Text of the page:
News / Film, Remezcla

Theater Near You: Sleep Dealer

Sleep-DealerRemezcla readers love to take in culture, but don’t always have the cash for tickets. That’s where we come in. A Theater Near You is Remezcla’s guide to awesome Latin movies for the lazy and broke; you can watch these all at home (because sabemos que son flojos).


Twitter: @infoCinelandia

The Movie

Sleep Dealer
Director: Alex Rivera
USA, Mexico | 2008 | 90 min
Language: Spanish

Remember that movie A Day Without a Mexican? Where the gringos complain about ‘dem illegals’ and all of a sudden every last one of them disappears. Then the real nightmare begins as the whiteys are left to cut their own grass, clean their own homes, and park their own cars. Oh, the horror! Supermarkets are empty, vegetables sold on the black market, and restaurants are filthy–all because nativists can’t handle all them brown-skinned lawbreakers hanging out at the Home Depot. But, what if you could kick out all the brown people and still have cheap vegetables? What if you could still exploit people for their labor but not have them use up precious resources like health care or our crappy public education system? The nutty, genius film director, Alex Rivera, has already imagined it for you.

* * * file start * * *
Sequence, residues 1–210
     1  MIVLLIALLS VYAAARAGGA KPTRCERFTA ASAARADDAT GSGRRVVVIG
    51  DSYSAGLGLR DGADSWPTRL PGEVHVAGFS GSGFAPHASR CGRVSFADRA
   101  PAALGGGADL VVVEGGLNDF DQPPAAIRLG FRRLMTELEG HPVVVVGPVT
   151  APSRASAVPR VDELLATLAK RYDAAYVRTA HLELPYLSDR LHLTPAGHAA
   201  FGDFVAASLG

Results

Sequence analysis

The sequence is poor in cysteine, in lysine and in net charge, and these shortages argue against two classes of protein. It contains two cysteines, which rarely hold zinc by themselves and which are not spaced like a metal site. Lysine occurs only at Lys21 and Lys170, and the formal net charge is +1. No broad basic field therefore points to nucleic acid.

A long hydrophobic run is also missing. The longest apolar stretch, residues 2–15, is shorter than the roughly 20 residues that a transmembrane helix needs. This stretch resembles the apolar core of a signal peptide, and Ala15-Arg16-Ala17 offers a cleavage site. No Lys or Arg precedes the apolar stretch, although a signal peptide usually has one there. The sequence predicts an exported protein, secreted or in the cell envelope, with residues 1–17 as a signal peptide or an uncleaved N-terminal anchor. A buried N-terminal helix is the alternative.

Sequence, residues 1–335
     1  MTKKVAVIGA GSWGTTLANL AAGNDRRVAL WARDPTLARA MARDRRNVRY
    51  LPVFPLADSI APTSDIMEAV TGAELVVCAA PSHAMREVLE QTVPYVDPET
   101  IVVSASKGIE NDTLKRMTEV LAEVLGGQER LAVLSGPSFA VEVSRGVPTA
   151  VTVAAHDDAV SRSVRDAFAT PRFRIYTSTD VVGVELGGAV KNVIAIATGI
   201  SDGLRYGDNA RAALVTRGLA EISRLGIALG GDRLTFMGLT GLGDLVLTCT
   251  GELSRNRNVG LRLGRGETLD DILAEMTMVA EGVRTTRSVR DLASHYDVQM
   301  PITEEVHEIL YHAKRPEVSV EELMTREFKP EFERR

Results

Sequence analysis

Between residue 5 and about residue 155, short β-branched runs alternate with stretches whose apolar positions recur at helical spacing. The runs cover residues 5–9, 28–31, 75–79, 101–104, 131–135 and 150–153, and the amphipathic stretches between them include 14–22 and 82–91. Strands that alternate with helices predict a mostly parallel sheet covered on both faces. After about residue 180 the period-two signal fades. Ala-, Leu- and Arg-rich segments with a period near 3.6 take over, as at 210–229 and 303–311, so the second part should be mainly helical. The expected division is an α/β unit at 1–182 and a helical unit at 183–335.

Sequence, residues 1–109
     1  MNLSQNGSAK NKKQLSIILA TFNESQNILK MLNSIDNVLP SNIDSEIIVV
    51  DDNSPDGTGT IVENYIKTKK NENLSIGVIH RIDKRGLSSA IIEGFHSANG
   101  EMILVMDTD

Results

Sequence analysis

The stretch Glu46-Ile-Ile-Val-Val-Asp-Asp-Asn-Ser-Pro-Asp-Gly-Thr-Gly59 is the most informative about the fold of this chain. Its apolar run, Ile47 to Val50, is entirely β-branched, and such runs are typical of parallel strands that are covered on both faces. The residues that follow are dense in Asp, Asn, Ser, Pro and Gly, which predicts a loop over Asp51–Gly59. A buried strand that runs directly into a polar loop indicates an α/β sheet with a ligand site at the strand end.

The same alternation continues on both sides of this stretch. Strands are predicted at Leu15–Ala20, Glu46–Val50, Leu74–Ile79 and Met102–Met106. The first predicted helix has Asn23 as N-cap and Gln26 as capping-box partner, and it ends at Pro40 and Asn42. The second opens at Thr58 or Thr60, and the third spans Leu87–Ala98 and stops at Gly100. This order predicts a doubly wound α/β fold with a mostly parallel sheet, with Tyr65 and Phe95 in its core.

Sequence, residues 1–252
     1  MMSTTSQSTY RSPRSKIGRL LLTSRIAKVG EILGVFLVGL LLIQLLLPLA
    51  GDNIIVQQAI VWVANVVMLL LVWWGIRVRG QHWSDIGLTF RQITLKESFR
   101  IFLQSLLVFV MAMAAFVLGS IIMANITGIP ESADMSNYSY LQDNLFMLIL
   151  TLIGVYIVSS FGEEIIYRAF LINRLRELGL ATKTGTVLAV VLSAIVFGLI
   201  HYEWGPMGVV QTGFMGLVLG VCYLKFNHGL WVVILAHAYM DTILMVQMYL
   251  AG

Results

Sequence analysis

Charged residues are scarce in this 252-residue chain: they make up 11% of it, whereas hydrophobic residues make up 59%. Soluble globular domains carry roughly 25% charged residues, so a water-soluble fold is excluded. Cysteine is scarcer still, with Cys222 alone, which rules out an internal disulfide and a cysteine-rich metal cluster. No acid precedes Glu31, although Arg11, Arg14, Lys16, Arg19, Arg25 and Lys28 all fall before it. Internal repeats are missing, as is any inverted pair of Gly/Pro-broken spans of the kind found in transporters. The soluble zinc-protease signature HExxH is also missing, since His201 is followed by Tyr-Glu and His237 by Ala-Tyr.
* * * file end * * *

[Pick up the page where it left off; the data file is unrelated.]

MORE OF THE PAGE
Sleep Dealer isn’t your run-of-the-mill Sci-Fi movie. It’s in Spanish, it’s political and it imagines the near future; a world of cyberbraceros, coyoteks, remotely-controlled drones, aqua-terrorists, and closed borders. Memo (Luis Fernando Peña, Sin Nombre) flees small town life in Oaxaca and heads to Tijuana. With a little bit of money and lots of small town naivete, he wanders around the big city looking for a coyotek who can turn him into a node worker. The tech version of the old “coyote” who would smuggle migrants across the border, the new coyotek implants nodes on a worker’s body, allowing the laborer to plug into a network that operates robots located on the other side of the border. The norteamericanos get what they’ve always wanted, an impenetrable southern border without losing access to endless cheap labor. In other words, “todo el trabajo menos los trabajadores.”